Subprojects | Project Area B | Spaces of Digital Mediatisation

Smart People: Queer Everyday Life in Digitalized Spaces

In the first funding period, we investigated the refiguration of spaces in the context of South Korea’s smart city Songdo as large-scale real estate project. It could be shown that social tensions between locally rooted family values and an orientation towards the globalized market economy, which underlie much of the city’s everyday practices, are mediated by homogenous housing typologies as well as an extensive digitalization concept geared towards the interests of the Korean middle class. Given the obvious way in which South Korea’s smart city developments bolster nuclear family structures and leave aside social, cultural and ethnic differences, the second funding period will focus on the refiguration of spaces in highly digitalized South Korea specifically in relation to conflictual sociocultural placements. Since the 1990s, South Korea’s planning culture has increasingly attracted public criticism resulting in the formation of social movements calling for participatory modes of planning, greater ecological sustainability and a sensitive approach to renewal. South Korea has, moreover, witnessed a diversification of lifestyles, particularly in metropolitan regions. Especially the increased public visibility of LGBTIQ+ can be seen as unsettling the heteronormative and familial structures of South Korean society.

The project will analyze digitalized, mediatized (inter)actions and practices in the context of queer subcultures and urban social movements. Data on the smart city project gathered during the first funding period will be put in relation to subcultural placements of queer and urban development movements in order for the CRC to gain a deeper insight into the emergence of multiple spatialities and processes of spatial refiguration in South Korea. A central research question will be: Which spatial figures are linked, relationally and dynamically, to what kind of of spatial logics, and what is the role of digitalization in these contexts? To this end, we have defined three work packages for analysis – 1. ethnographic field work focusing on spatial strategies of LGBTIQ+ communities in the greater Seoul area; 2. secondary analyses of interviews with Korean inhabitants of Songdo exploring social constructions of othering; and 3. expert interviews with key actors of urban social movements on conflictual productions of space.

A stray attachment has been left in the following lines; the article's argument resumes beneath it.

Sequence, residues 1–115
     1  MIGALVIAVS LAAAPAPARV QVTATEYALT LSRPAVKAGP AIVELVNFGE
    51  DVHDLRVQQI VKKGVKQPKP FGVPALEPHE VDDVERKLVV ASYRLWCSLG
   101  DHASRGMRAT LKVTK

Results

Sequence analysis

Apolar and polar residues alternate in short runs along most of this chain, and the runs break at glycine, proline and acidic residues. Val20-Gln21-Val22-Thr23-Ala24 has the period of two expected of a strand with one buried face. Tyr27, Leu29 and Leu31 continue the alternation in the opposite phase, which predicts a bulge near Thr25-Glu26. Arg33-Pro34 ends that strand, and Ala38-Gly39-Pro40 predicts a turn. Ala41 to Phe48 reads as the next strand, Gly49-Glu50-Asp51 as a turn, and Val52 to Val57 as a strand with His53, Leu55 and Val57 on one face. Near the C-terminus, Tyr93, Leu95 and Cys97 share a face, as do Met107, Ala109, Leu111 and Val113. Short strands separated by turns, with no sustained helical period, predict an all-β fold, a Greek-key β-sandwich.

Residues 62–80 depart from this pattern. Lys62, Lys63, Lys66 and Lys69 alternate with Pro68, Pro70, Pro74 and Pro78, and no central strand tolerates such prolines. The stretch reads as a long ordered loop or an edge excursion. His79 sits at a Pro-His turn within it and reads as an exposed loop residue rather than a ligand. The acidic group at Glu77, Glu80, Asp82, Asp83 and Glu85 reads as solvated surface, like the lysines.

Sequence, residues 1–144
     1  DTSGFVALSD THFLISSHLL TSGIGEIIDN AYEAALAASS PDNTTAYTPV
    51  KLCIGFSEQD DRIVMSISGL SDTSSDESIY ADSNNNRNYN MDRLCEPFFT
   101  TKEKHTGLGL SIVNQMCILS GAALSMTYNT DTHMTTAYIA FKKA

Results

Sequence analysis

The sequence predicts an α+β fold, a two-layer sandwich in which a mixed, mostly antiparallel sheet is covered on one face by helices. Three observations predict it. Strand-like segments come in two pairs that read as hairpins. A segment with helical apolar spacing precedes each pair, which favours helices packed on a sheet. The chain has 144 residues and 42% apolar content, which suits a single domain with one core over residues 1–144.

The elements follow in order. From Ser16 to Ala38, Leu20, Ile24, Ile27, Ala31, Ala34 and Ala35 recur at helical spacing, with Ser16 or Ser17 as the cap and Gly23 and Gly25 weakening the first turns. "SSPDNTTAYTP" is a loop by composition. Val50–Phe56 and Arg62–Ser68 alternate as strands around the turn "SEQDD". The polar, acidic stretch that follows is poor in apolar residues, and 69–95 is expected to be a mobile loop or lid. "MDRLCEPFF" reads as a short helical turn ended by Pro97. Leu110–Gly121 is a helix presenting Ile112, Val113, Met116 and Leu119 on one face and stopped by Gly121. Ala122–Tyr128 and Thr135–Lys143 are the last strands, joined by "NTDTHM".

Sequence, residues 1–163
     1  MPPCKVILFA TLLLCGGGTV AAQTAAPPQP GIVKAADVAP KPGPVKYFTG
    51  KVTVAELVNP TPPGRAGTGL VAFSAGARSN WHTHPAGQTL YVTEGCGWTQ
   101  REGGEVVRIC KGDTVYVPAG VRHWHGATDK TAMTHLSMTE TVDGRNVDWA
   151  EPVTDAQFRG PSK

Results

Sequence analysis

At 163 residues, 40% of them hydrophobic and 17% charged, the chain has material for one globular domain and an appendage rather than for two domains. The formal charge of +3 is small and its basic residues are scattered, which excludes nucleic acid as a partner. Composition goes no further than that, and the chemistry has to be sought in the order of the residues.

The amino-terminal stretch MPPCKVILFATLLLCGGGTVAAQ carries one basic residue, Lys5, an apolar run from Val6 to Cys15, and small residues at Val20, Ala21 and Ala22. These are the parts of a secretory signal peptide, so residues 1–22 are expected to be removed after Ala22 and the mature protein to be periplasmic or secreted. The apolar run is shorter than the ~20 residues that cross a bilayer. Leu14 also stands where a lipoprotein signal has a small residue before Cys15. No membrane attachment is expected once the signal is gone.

Phase 1 (2018-2021)

Smart Cities: Everyday Life in Digitalized Spaces

If urbanization became a hallmark of modernity, then the mediatization of our cities through the ever thicker web of artificial intelligence stands for the late modern transformation. Today the so-called “smart cities” emerge not only via digitalization of existing urban structures but are being built from scratch to integrate the virtual and the real in a way that blurs the traditional boundary between them. In other words, everyday practices and actual cityscapes become ‘augmented’ by a myriad of virtual potentialities. These urban spaces are nowadays being profoundly refigured and with them many human forms of sociability. This ‘refiguration’ literally breaks new ground in places such as the city of Songdo in South Korea. At the same time, it rekindles old modern binary discourses of utopian salvation and dystopian danger. Our project aims not only to document and explain the resulting changes but also to transcend that binary coding. The goal is to work out a rigorous vocabulary in which we can describe in detail how these changes refigure space and time. In order to do that a robust ethnographic approach is needed. Hitherto the scholarly attention prioritized political economy of smart cities, seeing them as reflecting epochal top-down transformations in technology and economy. But once built and populated, cities evince ‘their own logic’ too, one based on a series of contextspecific appropriations of generic technical solutions. This requires to see them as actively inflecting social reality. Combining sociological and architectural approaches to urban planning and city life, our team addresses how ‘smart’ urban life actualizes itself and why it matters.

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